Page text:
Really, it’s just nice to be mindfully tasting tea like this again. The last time I was in this habit, it was nearly a decade ago and I was coping with… a lot. Tea kept me grounded. Life is a lot easier now in many ways, even if it’s a little harder in others. I don’t necessarily need the tea habit as much now, but… I just really love it. And it’s nice to be finally enjoying a period in my life where I can do things that I love because I love them, without them needing to fulfill some practical function to be worth doing. I’m so grateful for that.

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Dry, these leaves smell… almost fruity, like a dried fruit, but only just barely, in a sticky way, maybe a little nutty, maybe dried watermelon with the seeds still in it. Wet, there’s a …creamy and maybe vaguely chocolatey undertone? I dunno. Something in it just briefly reminded me of warm chocolate chai lattes I would make on hot summer nights back when I lived in the south, sipping before bed, listening to podcasts.

But this is a sencha, not a chocolate chai latte, so I’m not sure what scent-note exactly is slinging me into that memory.

Sipping it though, wow, it really is creamy though, somehow. While also being astringent enough to dry up the roof of my mouth and back of my throat a little. Just… how interesting. There’s a flavor I’m getting right before the astringency hits that I wish I could linger on a little longer. It’s so interesting. Maybe almost nutty, but.. I dunno. Spicy isn’t right either. I really don’t know why I’m getting chocolate vibes from this, but I am, definitely. But not like, sweet chocolate or overly dark chocolate, maybe more like a cocoa butter flavor. I dunno

The aftertaste is like… very fresh steamed broccoli. Very fresh, before it starts getting that cabbagey flavor. Or maybe edamame. Hmm.

I forgot how fun this is, hah, just pressure-free trying things and guessing flavors. It’s been such a long looooong day at work and I’m not technically done yet but I missed lunch, so a tea break felt in order.

Whoof, the second steeping is very astringent, but after I get used to it, it feels like a stronger version of the first steeping, that creaminess is really something, you could absolutely convince me I was drinking a latte right now if my eyes were closed. Maybe an oatmilk latte, specifically, there’s definitely some grain flavors to this, like a hearty, whole, filling grain, maybe some hot cereal, or a matcha latte with buttered toast. And… there’s that interesting fruity note again, maybe just a light, juicy acidity.

The third steeping is starting to wane but I think that juicy acidity is getting a little stronger. Something in there for a second reminded me of lotion. The creaminess is fading and the graininess is starting to take over a little more.

This is the first time in a very long time that I am actually drinking higher end, not expired sencha. Was it always this good? I am excited for the rest of the teas in this sampler, if they are anywhere near as fascinating as this.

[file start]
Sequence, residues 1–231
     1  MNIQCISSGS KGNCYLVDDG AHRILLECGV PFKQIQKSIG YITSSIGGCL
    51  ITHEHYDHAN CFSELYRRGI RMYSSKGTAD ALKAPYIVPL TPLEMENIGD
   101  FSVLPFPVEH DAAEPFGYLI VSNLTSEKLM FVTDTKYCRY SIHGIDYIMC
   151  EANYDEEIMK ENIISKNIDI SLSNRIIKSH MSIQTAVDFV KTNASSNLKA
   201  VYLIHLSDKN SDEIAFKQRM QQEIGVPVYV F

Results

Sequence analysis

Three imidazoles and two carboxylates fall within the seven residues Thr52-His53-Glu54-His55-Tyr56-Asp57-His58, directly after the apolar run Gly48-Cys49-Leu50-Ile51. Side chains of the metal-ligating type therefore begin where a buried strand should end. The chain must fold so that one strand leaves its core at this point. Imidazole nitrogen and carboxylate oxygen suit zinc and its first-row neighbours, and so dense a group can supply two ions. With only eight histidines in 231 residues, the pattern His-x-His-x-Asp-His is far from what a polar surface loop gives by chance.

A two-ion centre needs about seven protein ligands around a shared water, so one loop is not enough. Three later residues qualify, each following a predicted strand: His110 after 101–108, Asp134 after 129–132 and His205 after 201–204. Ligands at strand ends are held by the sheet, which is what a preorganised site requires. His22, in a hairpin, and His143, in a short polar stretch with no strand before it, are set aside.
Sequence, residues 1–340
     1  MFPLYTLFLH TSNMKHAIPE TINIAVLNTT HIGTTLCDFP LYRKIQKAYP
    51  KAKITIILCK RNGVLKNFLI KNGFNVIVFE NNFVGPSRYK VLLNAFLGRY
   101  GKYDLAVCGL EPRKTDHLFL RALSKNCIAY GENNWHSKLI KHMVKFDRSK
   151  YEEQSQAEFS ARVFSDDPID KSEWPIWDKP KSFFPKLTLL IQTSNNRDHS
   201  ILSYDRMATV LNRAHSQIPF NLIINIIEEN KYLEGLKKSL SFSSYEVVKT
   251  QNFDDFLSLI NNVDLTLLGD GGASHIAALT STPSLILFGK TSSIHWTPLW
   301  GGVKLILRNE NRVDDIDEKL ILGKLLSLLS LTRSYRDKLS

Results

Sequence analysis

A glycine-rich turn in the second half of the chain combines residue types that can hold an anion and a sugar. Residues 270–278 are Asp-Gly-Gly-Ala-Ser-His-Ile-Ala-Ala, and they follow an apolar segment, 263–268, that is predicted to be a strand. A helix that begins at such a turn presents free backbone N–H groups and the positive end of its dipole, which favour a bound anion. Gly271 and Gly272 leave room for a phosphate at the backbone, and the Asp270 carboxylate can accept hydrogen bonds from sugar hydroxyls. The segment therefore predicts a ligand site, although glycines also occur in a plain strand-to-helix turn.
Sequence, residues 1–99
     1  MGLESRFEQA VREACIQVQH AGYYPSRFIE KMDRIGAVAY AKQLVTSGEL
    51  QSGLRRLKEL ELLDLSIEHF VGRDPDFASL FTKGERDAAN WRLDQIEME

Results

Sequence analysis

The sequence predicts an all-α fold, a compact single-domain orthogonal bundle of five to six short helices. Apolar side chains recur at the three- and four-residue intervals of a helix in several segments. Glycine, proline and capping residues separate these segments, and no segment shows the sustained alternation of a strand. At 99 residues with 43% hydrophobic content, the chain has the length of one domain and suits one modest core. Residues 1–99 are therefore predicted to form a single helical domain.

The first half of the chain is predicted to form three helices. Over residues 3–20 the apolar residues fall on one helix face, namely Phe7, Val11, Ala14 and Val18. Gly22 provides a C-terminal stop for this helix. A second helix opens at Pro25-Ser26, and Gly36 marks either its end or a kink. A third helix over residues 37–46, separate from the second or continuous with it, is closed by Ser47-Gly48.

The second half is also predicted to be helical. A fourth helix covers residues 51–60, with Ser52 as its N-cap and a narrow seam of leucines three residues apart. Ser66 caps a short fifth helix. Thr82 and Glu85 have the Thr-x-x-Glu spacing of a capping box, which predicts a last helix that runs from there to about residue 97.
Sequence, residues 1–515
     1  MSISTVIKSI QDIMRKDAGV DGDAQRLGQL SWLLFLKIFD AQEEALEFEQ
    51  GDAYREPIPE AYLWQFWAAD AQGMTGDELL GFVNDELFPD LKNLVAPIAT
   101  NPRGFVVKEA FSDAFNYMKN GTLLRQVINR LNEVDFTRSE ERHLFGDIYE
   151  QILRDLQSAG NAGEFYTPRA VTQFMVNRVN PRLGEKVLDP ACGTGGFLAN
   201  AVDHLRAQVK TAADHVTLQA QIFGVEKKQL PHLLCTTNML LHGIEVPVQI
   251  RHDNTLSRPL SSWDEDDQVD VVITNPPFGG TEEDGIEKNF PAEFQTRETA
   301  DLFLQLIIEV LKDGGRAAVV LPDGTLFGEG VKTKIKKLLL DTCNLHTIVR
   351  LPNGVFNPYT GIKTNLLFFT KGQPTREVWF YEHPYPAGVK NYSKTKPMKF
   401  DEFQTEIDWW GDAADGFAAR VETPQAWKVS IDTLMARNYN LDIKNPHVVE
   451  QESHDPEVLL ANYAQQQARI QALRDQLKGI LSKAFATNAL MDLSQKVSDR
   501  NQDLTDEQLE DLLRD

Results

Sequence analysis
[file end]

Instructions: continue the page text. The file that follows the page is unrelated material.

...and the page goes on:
Cameron B.

This is honestly one of my favorites from them, when I’m looking for something lighter on the umami. Such autumnal flavors, and such a cozy tea. <3

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Houjicha, my beloved. I have been craving this for months.

I had a number of places scoped out to order houjicha from, but of course, I can’t order just houjicha. I mean, I could, but the baseline shipping costs make it feel… not really worth it unless I am ordering several pounds. But several places that offer free shipping with an order minimum have suspended that (a relatively minor, if still somewhat disruptive side effect of living in interesting times). After going back and forth between a few places and waiting longer than I would like to see if the shipping situation changed, someone directed me to Obubu. Not specifically for Houjicha, though I was pleasantly surprised to see the selection, but because I was asking around looking for sencha-specific ‘tea of the month’-type clubs. While their membership program is less an ‘of the month’ club and more like a harvest-based farmshare program, truthfully that’s really a lot closer to what I’m looking for, and makes a lot more sense for sencha specifically. I’m…very intrigued, but figured I should try their tea out first. So despite shipping equating to nearly $20 usd, the most I’ve ever probably paid to have anything shipped in the last 15 years, I put in an order for their 18-serving sampler pack, 80g of basic-roast houjicha, and a futanashi kyusu. Not that I really need another kyusu, but I’ve never had a lidless kyusu before, and it was so darn affordable (cheaper than the shipping, certainly).

Everything finally arrived the other day, and I was thrilled. I don’t think I’ve ever seen such an extensive sampler before. As I was trying to figure out what to try first, I noticed the bottom seam of the dark roast houjicha packet was starting to come undone and a few leaves were escaping. At least that made my choice easy.

In smelling the dry leaves, the first thing I notice past the obvious toasty notes is a faint sweetness. When wet, the first thing that comes to mind is “mushrooms.” Quite different things, there. The liquor itself is… good, but nuance beyond that comforting toastiness I have been craving for so long is eluding me. The first cup I may have understeeped though, I forget this isn’t nearly as delicate as typical sencha. Further steepings seem to bring out a deeper sweetness underneath increasing earthiness, with just a touch of that chewing-on-a-pencil wooden-astringency, but the dominant flavor is definitely that toastiness.